Our attention is drawn to the announcement dated 4th December 2020 from Kenya’s Ministry of Finance and National Treasury on the resumption of pre COVID-19 P.A.Y.E and V.A.T tax rate levels, effective 1st January 2021. The downward revision of P.A.Y.E and V.A.T were first proposed by President Uhuru Kenyatta on 18th March 2020. The President further directed the National Treasury to retain the tax relief measures in his 12th presidential address on the COVID-19 pandemic on 28th September, 2020, as a provisional relief measure to cushion citizens in times of COVID-19 crisis.
Kenyans continue to deal with uncertain times as the rate of COVID-19 infections increases. Currently, the number of COVID-19 infection cases is at 86,383 with a 7-day moving average infection rate of 897 new cases daily. This implies that the pandemic is yet to be fully contained in the country. Further, many of the economic effects of the pandemic are yet to be ameliorated.
No legislative proposals have been tabled in Parliament to reverse COVID-19 tax cuts. Following the announcement by the National Treasury, we hold the view that reverting to the pre-COVID-19 tax rate levels is a premature and hasty measure. While noting that the tax reliefs were temporary measures, we reiterate that any attempt to go back to the tax rates before the onset of COVID-19 must strictly align with the dictates of the law, including parliamentary debate and public participation on the matter.
Parliament remains the overall institution through which tax-related proposals are approved before their implementation by the Executive wing of the Government. This was seen in the way the tax relief measures had to undergo a legislative process after the President announced them on 18th March 2020. Following the Presidential proposal, the Tax Laws (Amendment) Act 2020 – that was assented on 25th April 2020 – effected the lowering of: corporate tax rate and top income band in the P.A.Y.E. segment from 30.0% to 25.0%; V.A.T. (Amendment of the rate of Tax) Order, 2020 from 16.0% to 14.0%. This was done when the Cabinet Secretary National Treasury publishing Legal Notice No. 35 of 2020. It was, nonetheless, only effected after the Committee of Delegated Legislation and subsequently the whole National Assembly approved the Legal Notice after significant reflection on its inputs by the people’s representatives.
Unfortunately, the announcement on the resumption of pre COVID-19 P.A.Y.E and V.A.T tax rate levels is not indicative of there being any legislative proposals in either of the Houses of the bicameral parliament to effect the tax rates back to pre-COVID-19 levels.
We note that both Houses of Parliament, the Senate and National Assembly, proceeded on a two-month recess starting 4th December 2020. Therefore, it is not clear what legislative framework will be used to go back to the previous rates of taxation. With no related Bill or Amendment tabled before Parliament prior to its long recess to effect the reversal of tax relief measures, and the continued revenue shortfalls worsened by the fragile COVID-19 operating environment, we caution the National Treasury on the negative economic ramifications that may result as a consequence of this tax measure.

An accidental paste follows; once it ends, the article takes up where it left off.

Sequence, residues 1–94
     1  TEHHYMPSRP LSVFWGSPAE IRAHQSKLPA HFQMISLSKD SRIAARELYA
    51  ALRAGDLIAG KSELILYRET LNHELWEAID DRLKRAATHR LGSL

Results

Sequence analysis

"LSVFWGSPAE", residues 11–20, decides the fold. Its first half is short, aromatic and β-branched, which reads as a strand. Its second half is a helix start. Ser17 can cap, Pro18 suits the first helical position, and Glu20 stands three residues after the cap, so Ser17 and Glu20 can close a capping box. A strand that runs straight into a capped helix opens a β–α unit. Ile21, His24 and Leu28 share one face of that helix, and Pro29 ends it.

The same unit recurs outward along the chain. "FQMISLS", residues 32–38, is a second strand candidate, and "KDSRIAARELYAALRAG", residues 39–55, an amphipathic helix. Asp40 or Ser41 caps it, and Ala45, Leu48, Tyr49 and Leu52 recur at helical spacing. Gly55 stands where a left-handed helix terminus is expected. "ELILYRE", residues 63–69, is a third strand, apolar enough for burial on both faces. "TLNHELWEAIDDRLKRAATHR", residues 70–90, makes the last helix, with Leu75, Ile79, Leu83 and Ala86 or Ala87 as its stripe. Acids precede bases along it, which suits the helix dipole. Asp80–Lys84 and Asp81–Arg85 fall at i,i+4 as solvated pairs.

The current tax burden on Kenyans is an emotive matter, that is best approached by constitutional compliance to the set regulations or policy and political processes that will support open, collaborative, and inclusive decision making. There is a clear constitutional and legal demand which enshrines stringent public participation. There must be room for individuals and corporate entities to participate in the reversal of tax relief measures decision making process.
Sensitivity on this issue arises out of the belief that the resumption of the previous tax rates was contingent on full recovery of Kenya’s economy and household’s income. However, the fact is, the Government continues to maintain some COVID-19 containment measures such as the curfew, that directly hampers commercial activities. This not only points to a poor outlook for businesses but is a clear indicator that Kenyan taxpayers have yet to recover from the pandemic.
According to the World Bank Economic Update 20201, poverty rose by 4% moving an additional 2 million people into poverty, whereas unemployment has doubled to 10.4% as outlined by the Kenya National Bureau of Statistics Quarterly Labor Force Survey. Working hours have dropped from 50 to 38 hours per week, while one in every 3 household businesses have shut down and revenue from household businesses has dropped by 50%.